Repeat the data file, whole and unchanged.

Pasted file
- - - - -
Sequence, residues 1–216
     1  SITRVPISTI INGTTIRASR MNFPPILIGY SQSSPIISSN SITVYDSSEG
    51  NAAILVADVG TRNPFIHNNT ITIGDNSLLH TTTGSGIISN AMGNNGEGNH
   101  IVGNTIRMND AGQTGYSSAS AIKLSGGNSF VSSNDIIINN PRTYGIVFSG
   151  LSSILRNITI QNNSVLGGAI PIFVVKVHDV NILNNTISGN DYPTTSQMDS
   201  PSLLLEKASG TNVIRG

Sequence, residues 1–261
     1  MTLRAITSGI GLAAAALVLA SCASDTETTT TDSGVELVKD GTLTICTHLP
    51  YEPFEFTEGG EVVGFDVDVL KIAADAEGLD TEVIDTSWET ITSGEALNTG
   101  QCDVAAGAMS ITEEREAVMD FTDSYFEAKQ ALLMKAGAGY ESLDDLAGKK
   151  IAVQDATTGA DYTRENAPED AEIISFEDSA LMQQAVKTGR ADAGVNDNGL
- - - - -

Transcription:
Sequence, residues 1–216
     1  SITRVPISTI INGTTIRASR MNFPPILIGY SQSSPIISSN SITVYDSSEG
    51  NAAILVADVG TRNPFIHNNT ITIGDNSLLH TTTGSGIISN AMGNNGEGNH
   101  IVGNTIRMND AGQTGYSSAS AIKLSGGNSF VSSNDIIINN PRTYGIVFSG
   151  LSSILRNITI QNNSVLGGAI PIFVVKVHDV NILNNTISGN DYPTTSQMDS
   201  PSLLLEKASG TNVIRG

Sequence, residues 1–261
     1  MTLRAITSGI GLAAAALVLA SCASDTETTT TDSGVELVKD GTLTICTHLP
    51  YEPFEFTEGG EVVGFDVDVL KIAADAEGLD TEVIDTSWET ITSGEALNTG
   101  QCDVAAGAMS ITEEREAVMD FTDSYFEAKQ ALLMKAGAGY ESLDDLAGKK
   151  IAVQDATTGA DYTRENAPED AEIISFEDSA LMQQAVKTGR ADAGVNDNGL